Étienne Gilson (1884-1978) was a French philosopher and historian of philosophy, as well as a scholar of medieval philosophy. In 1946 he attained the distinction of being elected an "Immortal" (member) of the Académie française. He was nominated for the Nobel Prize in Literature in 1959 and 1964.
The appearance of Gilson's Metamorphosis of the City of God, which were originally delivered as lectures at the University of Louvain, Belgium, in the Spring of 1952, coincided with the first steps toward what would become the European Union. The appearance of this English translation coincides with the upheaval of Brexit. Gilson traces the various attempts of thinkers through the centuries to describe Europe's soul and delimit its parts. The Scots, Catalonians, Flemings, and probably others may nod in agreement in Gilson's observation on how odd would be a Europe composed of the political entities that existed two and a half centuries ago. Those who think the European Union has lost its soul may not be comforted by the difficulty thinkers have had over the centuries in defining that soul. Indeed the difficulties that have thus far prevented integrating Turkey into the EU confirm Gilson's description of the conundrum involved even in distinguishing Europe's material components. And yet, the endeavor has succeeded, so that the problem of shared ideals remain inescapable. One wonders which of the thinkers in the succession studied by Gilson might grasp assent and illuminate the EU's path.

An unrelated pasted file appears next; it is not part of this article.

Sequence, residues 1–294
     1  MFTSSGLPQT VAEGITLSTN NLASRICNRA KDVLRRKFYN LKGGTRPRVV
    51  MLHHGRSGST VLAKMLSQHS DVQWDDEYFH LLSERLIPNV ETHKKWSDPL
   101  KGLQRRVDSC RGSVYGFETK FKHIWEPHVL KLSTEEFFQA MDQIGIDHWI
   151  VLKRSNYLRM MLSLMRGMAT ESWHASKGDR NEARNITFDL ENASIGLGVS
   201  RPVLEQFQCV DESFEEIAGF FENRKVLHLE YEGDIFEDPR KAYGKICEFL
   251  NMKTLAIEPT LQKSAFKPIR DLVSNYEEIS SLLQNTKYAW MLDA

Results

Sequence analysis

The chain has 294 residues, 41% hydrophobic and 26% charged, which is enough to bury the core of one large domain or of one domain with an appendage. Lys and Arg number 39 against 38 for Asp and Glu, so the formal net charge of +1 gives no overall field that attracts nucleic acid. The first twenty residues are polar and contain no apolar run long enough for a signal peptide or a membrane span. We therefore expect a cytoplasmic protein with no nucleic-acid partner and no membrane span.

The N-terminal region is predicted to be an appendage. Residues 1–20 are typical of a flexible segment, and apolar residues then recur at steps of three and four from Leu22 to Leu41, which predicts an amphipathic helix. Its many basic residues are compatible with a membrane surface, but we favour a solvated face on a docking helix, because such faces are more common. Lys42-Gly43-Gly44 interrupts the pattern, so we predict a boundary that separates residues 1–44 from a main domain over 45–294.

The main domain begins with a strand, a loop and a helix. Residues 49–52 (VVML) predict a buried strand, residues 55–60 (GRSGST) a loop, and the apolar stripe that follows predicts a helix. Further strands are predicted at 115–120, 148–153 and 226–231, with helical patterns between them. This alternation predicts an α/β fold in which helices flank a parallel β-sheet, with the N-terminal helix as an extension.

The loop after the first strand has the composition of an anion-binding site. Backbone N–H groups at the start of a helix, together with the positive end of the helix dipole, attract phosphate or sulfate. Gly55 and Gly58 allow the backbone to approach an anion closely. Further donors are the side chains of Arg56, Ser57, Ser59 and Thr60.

"Gilson rounds up his reflections with a bold, albeit traditional, thesis, theological in nature: Grace does not abolish nature, but brings it to perfection (gratia non tollit naturam, sed perficit eam). This could be understood as meaning that grace builds upon the level of nature and adds a higher story to this foundation. Gilson interprets the formula as meaning that grace lifts up nature (another meaning of tollere!) to itself and enables it thereby to become what it had to be."~from the foreword by Rémi Brague
"With his typically clear, penetrating intellect, Gilson envisioned the emerging European Union and the new global order by the light of Saint Augustine’s City. Unlike so many other mid-century Catholics, he did not fail to foresee that every attempt to parody the City of God results in the ruins of Babylon. Highly recommended."~C.C. Pecknold, The Catholic University of America
"Everyone knows Étienne Gilson the Thomist and historian of medieval philosophy. Some know Gilson the connoisseur of modern art and wine. Few immediately think of Gilson the political philosopher. The master’s Metamorphoses of the City of God, written as Europe redefined itself in the wake of the Second World War, is a searching reflection on European identity, the history of church-state relations, and the role of the Christian in the modern nation state. Prescient in 1952, Gilson’s minor masterpiece now seems visionary. We owe James Colbert, the foremost translator of Gilson working today, an immense debt of gratitude for making it available to readers in English."~Trent Pomplun, University of Notre Dame
"This wonderful and long-overdue translation of Gilson's venerable and formative Metamorphoses, from lectures he delivered in the early 1950s, provides us with a very important window onto a Europe that was then, like today, in great political, economic, social, cultural, and religious transition. James Colbert enriches us with his wondrous expertise, insight, and transformation of the text."~Joshua Spero, Fitchburg State University
"Publication of this excellent translation of this masterpiece of wisdom by Gilson could not come at a more opportune moment. Anyone seriously interested in promoting global unity and world peace should buy it, read it, and discuss it in depth with others."~Peter A. Redpath, Co-founder and President, International Étienne Gilson Society